Only two years after PCP was dropped by Parke, David and Company it began its career as a street drug in the 1967 'Summer of Love' under a variety of local names, and was often sold under the pretence that it was cocaine, LSD or THC (THC is the psychoactive principle of cannabis). By 1968 it was available in the form of pills in a number of major American cities, including New York (as 'hog'), Philadelphia (as 't-tabs'), Chicago (as 'THC') and Miami (initially as 'PeaCe pills' and later as 'THC tabs'). Use of the drug seems to have spread significantly in the years 1973 to 1975, partly because of its availability in forms suitable for smoking and snorting; both methods allowing users to control the dose more efficiently than the pills had permitted. PCP can also be taken intravenously, vaginally and rectally. In the mid-1970s PCP was still something of an unknown quantity in the drug scene and, as such, a negative mystique grew up around it, giving its users a reputation for daring.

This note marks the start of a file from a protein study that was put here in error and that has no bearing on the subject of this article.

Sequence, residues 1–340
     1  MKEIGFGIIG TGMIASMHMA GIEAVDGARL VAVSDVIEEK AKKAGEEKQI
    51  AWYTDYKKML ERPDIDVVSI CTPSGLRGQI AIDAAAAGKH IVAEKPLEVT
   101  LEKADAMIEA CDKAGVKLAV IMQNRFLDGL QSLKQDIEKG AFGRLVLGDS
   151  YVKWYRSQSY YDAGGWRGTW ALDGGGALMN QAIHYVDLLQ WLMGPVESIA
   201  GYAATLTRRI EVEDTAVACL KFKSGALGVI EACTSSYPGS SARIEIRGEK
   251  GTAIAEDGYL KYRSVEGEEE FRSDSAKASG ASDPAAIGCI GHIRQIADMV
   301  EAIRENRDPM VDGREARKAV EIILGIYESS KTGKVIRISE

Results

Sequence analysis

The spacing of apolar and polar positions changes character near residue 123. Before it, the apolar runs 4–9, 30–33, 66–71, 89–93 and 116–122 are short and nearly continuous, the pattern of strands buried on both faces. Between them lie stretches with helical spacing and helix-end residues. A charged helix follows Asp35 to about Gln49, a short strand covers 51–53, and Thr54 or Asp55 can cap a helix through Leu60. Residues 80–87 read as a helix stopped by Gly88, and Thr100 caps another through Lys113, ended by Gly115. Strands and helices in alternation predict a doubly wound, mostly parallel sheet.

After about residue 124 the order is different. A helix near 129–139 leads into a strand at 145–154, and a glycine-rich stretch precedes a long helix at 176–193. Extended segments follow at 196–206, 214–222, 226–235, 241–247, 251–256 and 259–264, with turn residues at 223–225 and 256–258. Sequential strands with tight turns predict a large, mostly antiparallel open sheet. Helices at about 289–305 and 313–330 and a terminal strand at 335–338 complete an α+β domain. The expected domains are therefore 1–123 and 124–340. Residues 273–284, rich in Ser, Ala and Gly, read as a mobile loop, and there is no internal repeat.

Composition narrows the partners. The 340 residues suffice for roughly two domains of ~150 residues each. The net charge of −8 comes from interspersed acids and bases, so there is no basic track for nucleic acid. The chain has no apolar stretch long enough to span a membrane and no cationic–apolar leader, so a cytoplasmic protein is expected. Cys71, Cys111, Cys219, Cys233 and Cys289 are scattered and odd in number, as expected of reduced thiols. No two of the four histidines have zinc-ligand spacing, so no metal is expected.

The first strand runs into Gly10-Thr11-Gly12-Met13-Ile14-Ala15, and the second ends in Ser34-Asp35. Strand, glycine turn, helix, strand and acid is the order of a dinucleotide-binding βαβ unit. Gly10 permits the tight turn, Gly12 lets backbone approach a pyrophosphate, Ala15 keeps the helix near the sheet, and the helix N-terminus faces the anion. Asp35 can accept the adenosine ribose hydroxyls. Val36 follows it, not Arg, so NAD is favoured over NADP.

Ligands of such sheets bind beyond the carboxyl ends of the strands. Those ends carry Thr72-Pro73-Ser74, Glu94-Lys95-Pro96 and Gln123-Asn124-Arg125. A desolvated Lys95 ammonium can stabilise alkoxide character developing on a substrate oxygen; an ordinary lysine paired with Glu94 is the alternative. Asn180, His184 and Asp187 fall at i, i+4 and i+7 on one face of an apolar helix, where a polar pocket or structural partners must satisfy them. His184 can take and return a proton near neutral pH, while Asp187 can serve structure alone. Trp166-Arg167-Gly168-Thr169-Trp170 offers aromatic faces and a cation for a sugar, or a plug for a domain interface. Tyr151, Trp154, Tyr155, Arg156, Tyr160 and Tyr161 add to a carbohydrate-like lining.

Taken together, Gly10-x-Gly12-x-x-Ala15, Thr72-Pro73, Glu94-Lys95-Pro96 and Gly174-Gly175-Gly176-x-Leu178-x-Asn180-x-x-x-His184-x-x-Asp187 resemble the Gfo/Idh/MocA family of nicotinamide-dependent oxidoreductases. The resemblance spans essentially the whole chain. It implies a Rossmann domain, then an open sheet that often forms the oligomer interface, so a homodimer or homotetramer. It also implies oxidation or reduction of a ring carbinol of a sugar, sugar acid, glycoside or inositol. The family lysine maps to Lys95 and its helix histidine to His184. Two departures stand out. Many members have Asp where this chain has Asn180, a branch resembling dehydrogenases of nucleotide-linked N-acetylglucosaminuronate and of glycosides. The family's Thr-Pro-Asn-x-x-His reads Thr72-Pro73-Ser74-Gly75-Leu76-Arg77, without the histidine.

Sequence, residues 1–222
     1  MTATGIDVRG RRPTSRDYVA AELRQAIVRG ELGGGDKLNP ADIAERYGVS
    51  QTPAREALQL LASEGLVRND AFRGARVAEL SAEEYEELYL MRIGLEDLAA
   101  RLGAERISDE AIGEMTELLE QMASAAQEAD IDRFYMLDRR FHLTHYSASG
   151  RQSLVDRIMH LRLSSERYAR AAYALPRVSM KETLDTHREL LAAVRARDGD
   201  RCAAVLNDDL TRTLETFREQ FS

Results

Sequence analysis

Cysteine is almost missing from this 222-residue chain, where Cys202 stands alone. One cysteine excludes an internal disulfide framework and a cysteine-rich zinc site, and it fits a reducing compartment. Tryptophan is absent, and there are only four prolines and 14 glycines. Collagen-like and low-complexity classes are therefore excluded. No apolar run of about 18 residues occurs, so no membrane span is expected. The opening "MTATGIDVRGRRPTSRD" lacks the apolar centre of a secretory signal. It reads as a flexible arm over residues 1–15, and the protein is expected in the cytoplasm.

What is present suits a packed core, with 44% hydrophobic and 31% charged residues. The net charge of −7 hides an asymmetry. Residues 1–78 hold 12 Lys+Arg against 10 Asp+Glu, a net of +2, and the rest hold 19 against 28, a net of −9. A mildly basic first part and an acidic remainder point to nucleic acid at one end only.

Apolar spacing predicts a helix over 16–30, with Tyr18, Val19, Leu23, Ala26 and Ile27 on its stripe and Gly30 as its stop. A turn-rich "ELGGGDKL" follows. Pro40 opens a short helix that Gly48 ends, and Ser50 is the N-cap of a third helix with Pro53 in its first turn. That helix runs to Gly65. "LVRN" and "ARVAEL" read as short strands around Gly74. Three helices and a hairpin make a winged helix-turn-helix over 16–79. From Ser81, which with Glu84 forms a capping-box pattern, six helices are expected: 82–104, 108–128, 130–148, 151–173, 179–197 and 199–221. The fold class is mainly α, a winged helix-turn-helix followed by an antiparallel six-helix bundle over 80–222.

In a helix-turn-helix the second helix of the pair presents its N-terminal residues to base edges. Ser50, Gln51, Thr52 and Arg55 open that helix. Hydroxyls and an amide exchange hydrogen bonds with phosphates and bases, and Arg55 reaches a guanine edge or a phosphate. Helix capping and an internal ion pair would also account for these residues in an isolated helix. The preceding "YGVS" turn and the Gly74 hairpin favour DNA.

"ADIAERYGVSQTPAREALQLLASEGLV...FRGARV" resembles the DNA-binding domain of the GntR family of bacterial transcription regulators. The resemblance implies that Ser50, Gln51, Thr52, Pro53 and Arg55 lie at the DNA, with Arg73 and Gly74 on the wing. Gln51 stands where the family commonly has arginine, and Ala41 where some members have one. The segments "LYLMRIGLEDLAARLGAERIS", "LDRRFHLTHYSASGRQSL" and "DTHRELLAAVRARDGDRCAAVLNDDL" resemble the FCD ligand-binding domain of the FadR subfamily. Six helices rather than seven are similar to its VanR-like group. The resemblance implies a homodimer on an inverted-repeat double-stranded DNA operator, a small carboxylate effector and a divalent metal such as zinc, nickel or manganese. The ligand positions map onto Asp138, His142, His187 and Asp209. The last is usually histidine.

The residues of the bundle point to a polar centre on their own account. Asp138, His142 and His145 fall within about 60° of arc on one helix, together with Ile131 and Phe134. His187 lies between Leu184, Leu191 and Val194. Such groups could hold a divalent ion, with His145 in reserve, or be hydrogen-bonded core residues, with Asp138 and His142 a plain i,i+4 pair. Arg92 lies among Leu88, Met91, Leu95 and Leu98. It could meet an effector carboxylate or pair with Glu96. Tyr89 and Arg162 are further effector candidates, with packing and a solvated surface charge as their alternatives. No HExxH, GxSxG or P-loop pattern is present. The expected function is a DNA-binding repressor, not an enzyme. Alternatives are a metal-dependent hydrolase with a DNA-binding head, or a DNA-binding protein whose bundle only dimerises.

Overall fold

By the mid to late seventies PCP use was sufficiently common for it to attract the interest of the media and government agencies. When a relatively unknown drug suddenly gains prominence the initial reactions to it are often highly distorted and even hysterical. The PCP case is no exception. Through media hype and a lurid concentration on exceptional reports of its use by aberrant individuals PCP became inextricably linked with extreme violence. The myth was thus born that simply by taking PCP an individual would become prone to commit all kinds of monstrous attacks. In 1978 at special hearings organised by the Select Committee on Narcotic Abuse and Control of the US House of Representatives one senator called PCP: 'one of the most dangerous and insidious drugs known to mankind.' Whatever the dangers of the drug, violent behaviour does not appear to be among them. Ethnographic and sociological studies of PCP users do not support such a view. Most of the users interviewed expressed surprise that PCP was associated with violence at all.